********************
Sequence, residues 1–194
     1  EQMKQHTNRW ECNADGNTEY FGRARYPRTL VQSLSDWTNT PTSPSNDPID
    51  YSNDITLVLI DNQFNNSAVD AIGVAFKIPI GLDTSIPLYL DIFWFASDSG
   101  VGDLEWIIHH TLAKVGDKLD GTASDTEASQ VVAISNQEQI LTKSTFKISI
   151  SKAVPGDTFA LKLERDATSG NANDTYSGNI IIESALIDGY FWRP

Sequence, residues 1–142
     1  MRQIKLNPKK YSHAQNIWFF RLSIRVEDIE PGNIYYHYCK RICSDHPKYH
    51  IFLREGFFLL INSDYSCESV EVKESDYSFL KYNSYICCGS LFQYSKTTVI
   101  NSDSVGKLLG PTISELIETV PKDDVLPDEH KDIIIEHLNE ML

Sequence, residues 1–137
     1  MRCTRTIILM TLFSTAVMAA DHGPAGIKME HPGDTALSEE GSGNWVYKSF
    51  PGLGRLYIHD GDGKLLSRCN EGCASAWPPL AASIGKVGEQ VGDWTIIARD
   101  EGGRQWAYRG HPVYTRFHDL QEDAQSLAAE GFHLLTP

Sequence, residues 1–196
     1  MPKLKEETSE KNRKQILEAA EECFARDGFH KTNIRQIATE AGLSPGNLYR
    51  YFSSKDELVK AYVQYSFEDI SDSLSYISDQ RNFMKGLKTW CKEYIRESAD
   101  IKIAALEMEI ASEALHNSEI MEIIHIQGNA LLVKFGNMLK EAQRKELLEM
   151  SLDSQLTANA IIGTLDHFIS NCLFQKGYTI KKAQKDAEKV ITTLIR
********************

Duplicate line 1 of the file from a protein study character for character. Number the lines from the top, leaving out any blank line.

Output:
Sequence, residues 1–194